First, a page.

Investigating the cost-of-living crisis with CGTN Europe's correspondents, right across the continent


It is impossible to ignore the cost-of-living crisis that is growing and worsening for hundreds of millions of people.

The causes are complex. They range from supply-chain issues hanging over from the COVID-19 pandemic; through the conflict in Ukraine, which has choked off two crucial exporters of food and fuel and propagated confusion and fear in the markets; to more recent fiscal interventions, such as raising interest rates in a desperate attempt to halt the runaway forces of inflation.

But in many ways, the causes are only important when either laying blame for the problems, or more importantly attempting to alleviate them. What's more vital is how the crisis is affecting ordinary people across Europe.

To find that out, CGTN Europe asked its reporters right across the continent to embed themselves and ask citizens how the crisis is affecting them.

The reporters turned up stories of rising bills, stories of fear and anger, stories of those who once happily donated to goodwill causes suddenly finding themselves desperately asking for help.

This is Europe's cost-of-living crisis – and these are just a handful of the people trying to get through it.

Donors become recipients at German food banks

By Natalie Carney in Munich, Germany

Some who once donated to food banks are now back asking for help. /CGTN

Some who once donated to food banks are now back asking for help. /CGTN

Some who once donated to food banks are now back asking for help. /CGTN

Sertap only began coming to the Heimatstern food bank in Munich after she lost her job during COVID-19. With a big family to feed, no income and rising prices, the 36-year-old had nowhere else to turn.

"In today's times, there is no money, but everything is very expensive," she says, "especially when there is a big family, it is very difficult."

Her story is not unique. CGTN also spoke with a German man who had a six-figure salary until, like Sertap, he too lost his job due to cutbacks during the pandemic.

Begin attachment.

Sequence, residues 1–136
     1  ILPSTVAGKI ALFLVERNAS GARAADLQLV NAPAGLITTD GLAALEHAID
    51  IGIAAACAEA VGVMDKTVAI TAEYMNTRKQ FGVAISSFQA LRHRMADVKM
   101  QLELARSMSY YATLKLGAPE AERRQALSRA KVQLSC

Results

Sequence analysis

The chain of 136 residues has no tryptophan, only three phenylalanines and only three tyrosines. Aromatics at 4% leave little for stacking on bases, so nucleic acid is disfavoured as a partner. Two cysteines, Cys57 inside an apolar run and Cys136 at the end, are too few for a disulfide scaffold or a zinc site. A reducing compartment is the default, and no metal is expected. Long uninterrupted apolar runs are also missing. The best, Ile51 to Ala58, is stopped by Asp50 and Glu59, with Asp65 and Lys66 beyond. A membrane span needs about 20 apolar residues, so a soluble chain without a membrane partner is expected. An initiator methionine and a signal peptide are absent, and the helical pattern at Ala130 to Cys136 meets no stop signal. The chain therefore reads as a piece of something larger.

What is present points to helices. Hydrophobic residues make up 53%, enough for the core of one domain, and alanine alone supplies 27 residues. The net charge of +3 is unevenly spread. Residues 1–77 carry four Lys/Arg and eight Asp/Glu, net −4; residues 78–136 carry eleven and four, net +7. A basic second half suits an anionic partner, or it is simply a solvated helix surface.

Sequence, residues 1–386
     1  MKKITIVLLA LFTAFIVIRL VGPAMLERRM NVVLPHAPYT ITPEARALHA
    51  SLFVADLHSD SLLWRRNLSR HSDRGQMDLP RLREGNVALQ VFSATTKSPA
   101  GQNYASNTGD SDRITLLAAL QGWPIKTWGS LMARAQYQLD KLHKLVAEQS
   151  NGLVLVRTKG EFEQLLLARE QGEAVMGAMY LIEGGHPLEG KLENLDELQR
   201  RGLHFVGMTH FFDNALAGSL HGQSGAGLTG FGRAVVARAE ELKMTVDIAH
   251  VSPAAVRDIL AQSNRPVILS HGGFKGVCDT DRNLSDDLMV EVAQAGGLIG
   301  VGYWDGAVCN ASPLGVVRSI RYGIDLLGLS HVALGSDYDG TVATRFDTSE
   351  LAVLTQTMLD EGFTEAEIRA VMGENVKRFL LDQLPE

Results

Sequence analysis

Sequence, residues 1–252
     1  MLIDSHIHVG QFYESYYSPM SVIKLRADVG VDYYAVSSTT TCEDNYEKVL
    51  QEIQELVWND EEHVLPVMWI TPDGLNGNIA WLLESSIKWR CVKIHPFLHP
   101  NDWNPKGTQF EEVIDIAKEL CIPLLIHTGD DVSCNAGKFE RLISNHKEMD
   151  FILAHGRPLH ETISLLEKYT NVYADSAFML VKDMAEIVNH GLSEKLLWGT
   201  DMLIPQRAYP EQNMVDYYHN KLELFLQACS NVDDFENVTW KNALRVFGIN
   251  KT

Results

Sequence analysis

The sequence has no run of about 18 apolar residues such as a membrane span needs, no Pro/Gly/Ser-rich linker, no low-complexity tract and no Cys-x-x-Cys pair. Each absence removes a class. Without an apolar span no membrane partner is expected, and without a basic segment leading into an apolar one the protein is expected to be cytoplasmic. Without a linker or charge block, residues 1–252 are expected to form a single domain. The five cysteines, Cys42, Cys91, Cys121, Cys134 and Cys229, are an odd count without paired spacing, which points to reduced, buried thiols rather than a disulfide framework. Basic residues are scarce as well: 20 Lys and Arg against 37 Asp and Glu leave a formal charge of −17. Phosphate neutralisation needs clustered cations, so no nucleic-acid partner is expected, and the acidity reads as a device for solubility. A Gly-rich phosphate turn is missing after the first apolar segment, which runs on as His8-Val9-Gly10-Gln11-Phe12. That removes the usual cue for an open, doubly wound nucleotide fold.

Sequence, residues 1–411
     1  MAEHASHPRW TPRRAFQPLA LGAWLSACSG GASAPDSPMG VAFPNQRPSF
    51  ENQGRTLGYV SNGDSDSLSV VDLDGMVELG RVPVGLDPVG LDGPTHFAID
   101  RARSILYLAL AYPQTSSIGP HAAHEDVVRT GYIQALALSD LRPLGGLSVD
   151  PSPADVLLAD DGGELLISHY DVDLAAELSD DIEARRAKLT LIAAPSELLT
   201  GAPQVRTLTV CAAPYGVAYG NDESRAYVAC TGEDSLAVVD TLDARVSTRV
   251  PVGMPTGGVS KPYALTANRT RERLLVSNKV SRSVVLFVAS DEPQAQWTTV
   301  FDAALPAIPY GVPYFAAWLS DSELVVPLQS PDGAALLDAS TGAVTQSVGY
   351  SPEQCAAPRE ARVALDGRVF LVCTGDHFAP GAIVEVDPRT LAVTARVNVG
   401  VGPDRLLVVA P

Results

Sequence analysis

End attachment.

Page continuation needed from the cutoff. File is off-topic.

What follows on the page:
"Social benefits are very small and not enough for everything," says Ukrainian refugee Yulia, while 70-year-old Cristine from Romania says, "I would like to work but they tell me I'm too old."

The cost of living has risen all over the world due to the rising cost of energy. Germany is suffering inflationary rates not seen in the past 40 years, forcing many people to change the way they live.

Rosemarie, a 64-year-old retiree, simply can't get through the week just on her basic pension anymore. "I don't get much money, that's why I come here," she says. "Everything has become more expensive so yes, I always look to see where it is cheaper."

With food prices up 15 percent, COVID-19 job losses and surging energy costs, more and more people are seeking support from different social services. Germany's 962 food banks are supporting more than two million customers.

"I'm really afraid of what's coming"
Petra Lehmann, Germany

At Heimatstern, organizers tell CGTN that more people have registered in the last six months than over the past two years.

"People who used to be on the other side donating and helping us are now coming and asking for help," says Petra Lehmann, who heads the Heimatstern association. "We have lots of families now where it's impossible from one income to feed the family because it's so expensive."

This is also changing people's behaviors. "We buy more jars of cheap food," says Sertap. "It may be chicken. It could be fish, beans because they are more suitable for us."

Pensioner Katrin Obermeier has started rationing her food: "I'm using foods longer, especially past the expiration date because it is still well preserved."

She shows us her food takeaway – a bag of noodles, a tomato, some bananas, a yogurt and a small jar of instant coffee. Asked how long it will last, she estimates two to three weeks.

Increasing prices, decreasing donations

What's most concerning for Heimatstern chief Lehmann is that the increasing prices are decreasing donations – as supermarkets, individuals and even other food banks simply have less to give away.